UCL News


Vice-Provost's View: How we aim to make UCL a place where Disabled staff and students can thrive

11 May 2017

Following my article a couple of months ago, I am delighted to have this opportunity to update you regarding the work that we have been doing across UCL to ensure that the university is a welcoming and inclusive place where Disabled People can thrive.

Rex Knight  

As you may recall, we have decided to apply for the Disability Standard as an institution. We are one of the first universities in the UK to seek this prestigious award, which recognises the measures taken by employers and service providers to remove barriers to Disabled People.

Modelling our activity upon the lessons learnt from UCL's successes under the Race Equality and Athena SWAN Charter Marks, I am leading a project team that is taking forward our work in this area. 

This self-assessment team (SAT) is organised in sub-groups, progressing our activity in each of the 10 areas of the standard. These teams comprise two Disabled UCL employees, or allies of Disabled People, working with a lead manager. 

The SAT has met several times and the sub-groups are doing a fantastic job in identifying the good things that we are already doing, as well as the areas where more needs to be done.

The Disability Standard, operated by the Business Disability Forum, of which UCL is a member, will enable us to evaluate how good we are at planning for, and anticipating the needs of, Disabled Staff, students and visitors, rather than just reacting to their needs when they get here. 

An independent benchmark

It offers a comprehensive, independent way of benchmarking our performance against our sector as well as across the wider workforce. We have begun to map out UCL's strengths - such as our central budget for Reasonable Adjustments - and identify areas for improvement against the 10 criteria.

We have started to look at how we can learn as an institution from other universities where similar processes are being undertaken. Manchester Metropolitan University recently achieved the Gold Standard and while this may be ambitious for us in our first submission, it should certainly be our ultimate objective.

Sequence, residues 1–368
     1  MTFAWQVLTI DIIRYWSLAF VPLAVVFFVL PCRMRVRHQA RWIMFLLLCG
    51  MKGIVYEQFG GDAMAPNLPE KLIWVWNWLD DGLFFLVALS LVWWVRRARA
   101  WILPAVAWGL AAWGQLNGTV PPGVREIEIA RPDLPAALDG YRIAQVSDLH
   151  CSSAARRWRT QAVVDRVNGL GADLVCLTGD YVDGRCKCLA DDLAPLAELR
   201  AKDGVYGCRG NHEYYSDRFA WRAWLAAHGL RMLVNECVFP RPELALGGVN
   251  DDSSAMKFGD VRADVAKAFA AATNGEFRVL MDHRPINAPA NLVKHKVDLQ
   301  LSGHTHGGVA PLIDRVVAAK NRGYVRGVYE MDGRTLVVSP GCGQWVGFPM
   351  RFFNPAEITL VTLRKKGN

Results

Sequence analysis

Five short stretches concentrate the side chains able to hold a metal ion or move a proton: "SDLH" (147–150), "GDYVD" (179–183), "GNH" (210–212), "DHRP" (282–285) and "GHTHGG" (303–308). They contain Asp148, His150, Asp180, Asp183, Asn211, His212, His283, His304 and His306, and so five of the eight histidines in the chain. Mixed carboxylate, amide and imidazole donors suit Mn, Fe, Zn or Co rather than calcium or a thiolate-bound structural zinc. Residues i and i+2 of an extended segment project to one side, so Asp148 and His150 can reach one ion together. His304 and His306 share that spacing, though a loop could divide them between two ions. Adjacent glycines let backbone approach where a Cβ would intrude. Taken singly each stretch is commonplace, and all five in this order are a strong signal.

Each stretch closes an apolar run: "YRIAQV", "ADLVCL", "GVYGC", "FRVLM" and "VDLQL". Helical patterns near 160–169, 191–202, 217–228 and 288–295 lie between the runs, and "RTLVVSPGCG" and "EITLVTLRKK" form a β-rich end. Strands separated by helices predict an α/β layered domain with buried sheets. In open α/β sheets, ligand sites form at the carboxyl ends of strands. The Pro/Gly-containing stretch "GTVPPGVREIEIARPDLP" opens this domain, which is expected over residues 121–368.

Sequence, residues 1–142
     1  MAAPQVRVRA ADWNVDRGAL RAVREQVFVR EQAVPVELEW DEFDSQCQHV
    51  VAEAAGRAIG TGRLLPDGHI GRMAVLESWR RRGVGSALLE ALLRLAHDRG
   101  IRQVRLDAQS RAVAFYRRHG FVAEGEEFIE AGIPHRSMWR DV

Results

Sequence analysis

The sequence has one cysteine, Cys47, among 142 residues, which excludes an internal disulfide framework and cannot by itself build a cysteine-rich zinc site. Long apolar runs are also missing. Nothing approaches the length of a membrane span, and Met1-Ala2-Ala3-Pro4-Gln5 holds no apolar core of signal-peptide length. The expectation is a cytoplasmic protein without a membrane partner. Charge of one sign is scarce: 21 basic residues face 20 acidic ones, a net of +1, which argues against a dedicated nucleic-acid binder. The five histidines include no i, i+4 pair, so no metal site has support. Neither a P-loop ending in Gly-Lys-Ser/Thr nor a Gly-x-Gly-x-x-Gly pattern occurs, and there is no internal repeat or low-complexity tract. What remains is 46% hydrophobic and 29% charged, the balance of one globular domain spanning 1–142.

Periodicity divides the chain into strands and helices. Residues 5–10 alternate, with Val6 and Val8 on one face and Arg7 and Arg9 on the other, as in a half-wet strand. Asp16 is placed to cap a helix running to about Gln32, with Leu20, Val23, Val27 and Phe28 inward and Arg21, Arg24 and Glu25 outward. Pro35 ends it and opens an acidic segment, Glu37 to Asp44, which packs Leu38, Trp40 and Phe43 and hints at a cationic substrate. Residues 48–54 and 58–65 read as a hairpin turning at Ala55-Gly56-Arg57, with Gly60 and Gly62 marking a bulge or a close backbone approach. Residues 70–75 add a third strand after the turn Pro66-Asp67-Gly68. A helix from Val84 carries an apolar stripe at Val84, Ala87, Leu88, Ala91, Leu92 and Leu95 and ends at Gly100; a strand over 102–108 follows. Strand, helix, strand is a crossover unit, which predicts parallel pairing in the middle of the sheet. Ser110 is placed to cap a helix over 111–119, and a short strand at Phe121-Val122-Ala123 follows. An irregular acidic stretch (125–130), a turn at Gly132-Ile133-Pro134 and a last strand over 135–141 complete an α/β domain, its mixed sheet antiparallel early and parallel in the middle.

As with the other charter marks that we have received, the real prize is not just the external recognition, but the impetus given to change and development.

Our Equal Opportunity Policy is based on the belief that we benefit from diversity. All staff and students should, therefore, be able to contribute to UCL and fulfil their potential.

Enabling all to fulfil their potential

The SAT is helping us to examine how effectively UCL includes and reflects the diversity of Disabled People working and studying here, as well as thinking about how we can reach out to ensure that we become more representative of the diversity of the Disabled Community.

no barriers no borders

At UCL only 3% of our staff currently declare a long-term impairment or condition, which in itself is indicative, at best, of a lack of awareness of what being Disabled means and perhaps, at worst, a lack of confidence in how this data will be used.

We undertake an annual monitoring exercise, which will next be conducted in early summer 2017. I would encourage colleagues to use that opportunity to participate in this important exercise and declare as appropriate.

We do rather better with students, for whom the declaration rate is about 10%, but this is still probably an understatement.

Matching cutting-edge research with practice

As an institution, we conduct world-leading research in many areas of impairment. Just this week, the front page of our website has a news story from the IOE Centre for Research in Autism and Education (CRAE).

UCL is also:

This brief list does not do justice to the range of research in this area at UCL, and I apologise if you are in a centre or group that is not included! We need to make sure that we are engaging with researchers in this area to ensure that cutting edge research at UCL is matched by cutting edge practice.

The team working on the Disability Standard and I plan to consult with our Disabled and non-Disabled Staff about how best to promote Disability Equality at UCL. The Equality, Diversity and Inclusion Team will keep you up-to-date on progress. 

We also welcome ideas and engagement at departmental, faculty and school level concerning practical measures that we can start taking now to improve disability declaration rates and the inclusion of Disabled People throughout the university. 

From the grass roots up

For change to become culturally and organisationally embedded across the rich and varied tapestry that is UCL, we need to ensure that changes take place at the 'grass roots' within departments, faculties and schools where it will have a positive impact upon the experiences of Disabled staff and students.

Incidentally, as a result of my own awareness being raised as Disability Equality Champion at UCL, I've learnt to capitalise Disabled to reflect the Social Model of Disability, as I recognise that being a Disabled Person is about a social and environmental process of exclusion rather than being something intrinsic to an individual's impairment or condition.

For more information about the Disability Standard, please visit the BDF website. For practical advice about implementing disability equality, please email equalities@ucl.ac.uk.

Rex Knight
Vice-Provost (Operations)

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